Barry’s achievements caught the attention of the producers of a new film called Dr. No (1962). Barry was hired and the result was one of the most famous signature tunes in film history, the “James Bond Theme.”   When the producers of the Bond series engaged Lionel Bart to score the next James Bond film From Russia with Love (1963), they discovered that Bart could neither read nor write music.  The producers remembered Barry’s arrangement of the James Bond Theme and his composing and arranging for several films with Adam Faith.   This was the turning point for Barry, and he subsequently won five Academy Awards and four Grammy Awards, with scores for, among others, Born Free (1966) which put him in the front ranks of popular film composers, The Lion in Winter (1968), Midnight Cowboy (1969), and Somewhere in Time (1980). In 1975 Barry moved to California. He subsequently lived for many years in the United States, mainly in Oyster Bay, NY, in Centre Island on Long Island, from 1980.  Barry suffered a rupture of the oesophagus in 1988, following a toxic reaction to a health tonic he had consumed. The incident rendered him unable to work for two years and left him vulnerable to pneumonia.

Barry composed the theme for the TV series The Persuaders! (1971), also known as The Unlucky Heroes.  He also wrote the scores to a number of musicals, including the 1965 Passion Flower Hotel with lyrics by Trevor Peacock’ the successful 1974 West End show Billy with lyrics by Don Black; and two major Broadway flops, Lolita, My Love (1971), with Alan Jay Lerner as lyricist, and The Little Prince and the Aviator (1981), again with lyricist Don Black.  Some of his later films include the first remake of King Kong (1976), Out of Africa (1985), and Dances with Wolves (1990). In 1999 Barry was made an Officer of the Order of the British Empire (OBE) at Buckingham Palace for services to music.  In 2001, the University of York conferred an honorary degree on Barry, and in 2002 he was named an Honorary Freeman of the City of York. During 2006, Barry was the executive producer on an album entitled Here’s to the Heroes by the Australian ensemble The Ten Tenors. Barry and Black also composed one of the songs on Shirley Bassey’s 2009 album, The Performance. Barry died of a heart attack on January 30, 2011 at his Oyster Bay home, aged 77.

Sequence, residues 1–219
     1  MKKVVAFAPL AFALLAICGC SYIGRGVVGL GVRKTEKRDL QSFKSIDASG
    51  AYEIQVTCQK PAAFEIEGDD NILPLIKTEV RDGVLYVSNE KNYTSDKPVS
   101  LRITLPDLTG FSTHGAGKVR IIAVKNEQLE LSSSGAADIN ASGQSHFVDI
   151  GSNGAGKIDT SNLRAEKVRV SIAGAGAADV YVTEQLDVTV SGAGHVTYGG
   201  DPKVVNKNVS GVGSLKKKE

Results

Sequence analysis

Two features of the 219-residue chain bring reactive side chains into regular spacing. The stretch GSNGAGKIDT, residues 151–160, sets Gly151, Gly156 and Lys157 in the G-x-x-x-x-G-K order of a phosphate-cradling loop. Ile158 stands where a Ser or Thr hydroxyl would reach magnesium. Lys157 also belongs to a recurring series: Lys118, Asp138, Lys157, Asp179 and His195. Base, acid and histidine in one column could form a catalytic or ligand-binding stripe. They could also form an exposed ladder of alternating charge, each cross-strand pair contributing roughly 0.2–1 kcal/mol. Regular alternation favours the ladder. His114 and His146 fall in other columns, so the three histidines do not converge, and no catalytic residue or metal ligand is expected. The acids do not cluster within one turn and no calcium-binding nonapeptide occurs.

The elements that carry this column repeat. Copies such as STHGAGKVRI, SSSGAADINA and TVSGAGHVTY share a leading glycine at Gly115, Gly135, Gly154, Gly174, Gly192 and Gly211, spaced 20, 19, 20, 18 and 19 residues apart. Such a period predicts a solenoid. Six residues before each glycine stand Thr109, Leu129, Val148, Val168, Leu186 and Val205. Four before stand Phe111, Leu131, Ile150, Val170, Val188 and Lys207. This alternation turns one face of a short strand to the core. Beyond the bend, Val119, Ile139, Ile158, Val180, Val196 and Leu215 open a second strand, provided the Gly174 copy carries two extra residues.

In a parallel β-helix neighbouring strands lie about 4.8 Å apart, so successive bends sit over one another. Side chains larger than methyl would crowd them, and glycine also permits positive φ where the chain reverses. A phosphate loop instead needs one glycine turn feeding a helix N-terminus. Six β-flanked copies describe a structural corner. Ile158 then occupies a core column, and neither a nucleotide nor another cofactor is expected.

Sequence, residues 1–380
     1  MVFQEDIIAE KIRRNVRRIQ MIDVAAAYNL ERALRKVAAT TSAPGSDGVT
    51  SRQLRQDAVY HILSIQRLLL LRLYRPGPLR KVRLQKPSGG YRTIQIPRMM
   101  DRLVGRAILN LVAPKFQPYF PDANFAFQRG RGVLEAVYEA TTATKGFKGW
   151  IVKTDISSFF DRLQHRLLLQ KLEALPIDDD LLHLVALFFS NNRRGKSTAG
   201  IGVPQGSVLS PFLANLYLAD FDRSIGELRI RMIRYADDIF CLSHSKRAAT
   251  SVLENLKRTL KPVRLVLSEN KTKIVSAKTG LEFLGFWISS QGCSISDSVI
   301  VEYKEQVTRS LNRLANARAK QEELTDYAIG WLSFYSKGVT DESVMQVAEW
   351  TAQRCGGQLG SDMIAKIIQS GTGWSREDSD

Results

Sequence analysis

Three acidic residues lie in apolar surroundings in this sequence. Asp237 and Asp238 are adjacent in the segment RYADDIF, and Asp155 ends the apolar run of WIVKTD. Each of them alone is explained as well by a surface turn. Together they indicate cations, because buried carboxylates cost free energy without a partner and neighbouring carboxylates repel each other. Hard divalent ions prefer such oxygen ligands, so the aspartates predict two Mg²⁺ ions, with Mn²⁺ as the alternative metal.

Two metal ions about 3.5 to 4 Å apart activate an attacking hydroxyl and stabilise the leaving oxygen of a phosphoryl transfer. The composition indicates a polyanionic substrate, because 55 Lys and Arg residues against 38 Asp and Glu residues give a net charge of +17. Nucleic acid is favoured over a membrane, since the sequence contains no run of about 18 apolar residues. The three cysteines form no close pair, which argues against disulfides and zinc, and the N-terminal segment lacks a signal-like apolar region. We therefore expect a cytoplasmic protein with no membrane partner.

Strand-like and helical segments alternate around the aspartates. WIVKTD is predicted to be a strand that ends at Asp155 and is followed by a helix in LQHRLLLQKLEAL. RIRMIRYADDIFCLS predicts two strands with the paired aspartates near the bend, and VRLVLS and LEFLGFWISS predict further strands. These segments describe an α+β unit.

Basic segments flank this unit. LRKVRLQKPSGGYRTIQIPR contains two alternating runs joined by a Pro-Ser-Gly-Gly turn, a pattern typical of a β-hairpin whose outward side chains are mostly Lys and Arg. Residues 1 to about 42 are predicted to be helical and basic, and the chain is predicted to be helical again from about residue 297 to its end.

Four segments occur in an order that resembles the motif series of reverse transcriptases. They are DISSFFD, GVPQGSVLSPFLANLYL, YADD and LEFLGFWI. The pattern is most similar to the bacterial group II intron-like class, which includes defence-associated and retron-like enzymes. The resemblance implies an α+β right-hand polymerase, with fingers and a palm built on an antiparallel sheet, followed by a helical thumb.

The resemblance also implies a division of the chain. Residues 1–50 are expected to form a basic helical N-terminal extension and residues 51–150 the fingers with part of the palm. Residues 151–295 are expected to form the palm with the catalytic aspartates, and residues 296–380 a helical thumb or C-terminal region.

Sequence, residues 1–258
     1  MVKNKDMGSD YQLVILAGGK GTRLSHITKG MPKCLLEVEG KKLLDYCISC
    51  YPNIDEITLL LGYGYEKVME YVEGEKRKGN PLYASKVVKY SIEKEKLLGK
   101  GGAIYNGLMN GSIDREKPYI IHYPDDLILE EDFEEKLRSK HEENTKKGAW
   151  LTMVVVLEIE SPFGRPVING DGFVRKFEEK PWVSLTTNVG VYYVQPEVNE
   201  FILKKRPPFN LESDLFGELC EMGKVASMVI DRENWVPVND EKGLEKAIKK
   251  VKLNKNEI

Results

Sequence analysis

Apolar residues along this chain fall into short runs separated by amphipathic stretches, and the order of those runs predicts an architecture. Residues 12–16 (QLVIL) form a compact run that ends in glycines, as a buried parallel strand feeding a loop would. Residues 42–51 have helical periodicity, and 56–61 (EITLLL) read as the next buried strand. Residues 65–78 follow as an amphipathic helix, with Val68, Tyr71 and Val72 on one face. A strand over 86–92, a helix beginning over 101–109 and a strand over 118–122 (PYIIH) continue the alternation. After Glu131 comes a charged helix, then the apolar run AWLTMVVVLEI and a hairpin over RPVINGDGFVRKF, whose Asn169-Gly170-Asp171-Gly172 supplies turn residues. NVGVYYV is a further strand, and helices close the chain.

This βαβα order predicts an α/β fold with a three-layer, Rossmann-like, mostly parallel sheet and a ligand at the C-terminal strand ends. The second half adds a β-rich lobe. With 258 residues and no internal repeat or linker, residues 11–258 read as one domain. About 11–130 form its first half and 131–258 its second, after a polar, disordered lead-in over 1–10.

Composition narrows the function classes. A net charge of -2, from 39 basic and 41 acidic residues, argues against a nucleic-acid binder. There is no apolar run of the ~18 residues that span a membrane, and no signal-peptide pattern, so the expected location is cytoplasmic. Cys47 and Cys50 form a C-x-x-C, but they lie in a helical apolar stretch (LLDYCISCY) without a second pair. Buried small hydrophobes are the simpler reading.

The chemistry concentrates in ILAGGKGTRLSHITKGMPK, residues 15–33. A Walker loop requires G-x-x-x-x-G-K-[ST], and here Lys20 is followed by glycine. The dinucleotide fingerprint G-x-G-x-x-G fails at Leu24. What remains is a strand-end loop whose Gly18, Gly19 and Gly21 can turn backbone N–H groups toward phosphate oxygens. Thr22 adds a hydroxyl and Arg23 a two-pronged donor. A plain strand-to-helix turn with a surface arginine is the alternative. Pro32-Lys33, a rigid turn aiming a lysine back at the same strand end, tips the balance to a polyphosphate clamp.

The following work by John Barry is contained in my collection:

Midnight Cowboy (1969): Theme (Everybody’s Talkin’).

—material selected, adapted, and edited from several different sources

the radical pro-homosexual agenda in public schools

Here is something you ought to read.  How did we go from a majority opposing so-called same sex marriage, an oxymoron if there ever was one, a few years ago to what we are presently being told which is that surveys show that a majority now favor it?  One factor is a generation or two of pro-radical homosexual agenda having been poured into the heads of our children in public schools.  Surveys show that some 80% of children raised in Bible-believing households end up rejecting Bible principles after 12 years of public school indoctrination.  If you still feel that  sending your children to public schools is worth the risk, at least make sure you know what they are being introduced to and taught in their school’s curriculum.

Harvey Schmidt and The Fantastics


     Harvey Lester Schmidt (born September 12, 1929) is an American composer for musical theatre and illustrator, who is best known for composing the music for the longest running musical in history, The Fantasticks, which ran off-Broadway from 1960 – 2002, with songs like “Try to Remember,” “Much More,” “Soon It’s Gonna Rain,” and “They Were You.”.  Schmidt was born in Dallas, TX, on September 12, 1929, the son of a Methodist minister, and raised in Texas, in the area around Houston. A fan of radio, movies, and theater from an early age, Schmidt’s imagination was captured by these forms of entertainment and their ability to evoke powerful reactions from audiences. As a filmgoer in his teens, he was dazzled by some of the best of what Hollywood had to offer and was particularly fascinated by the designs and the use of space that he saw in the early films of Vincente Minnelli. His interest in music was encouraged by his mother, who was a piano teacher. He was a natural pianist and able to play anything by ear, but also suffered from a mild dyslectic condition that limited his formal training — he couldn’t read music. Schmidt’s most obvious talent as a youth was his artistic ability, which impressed his teachers as well as his friends.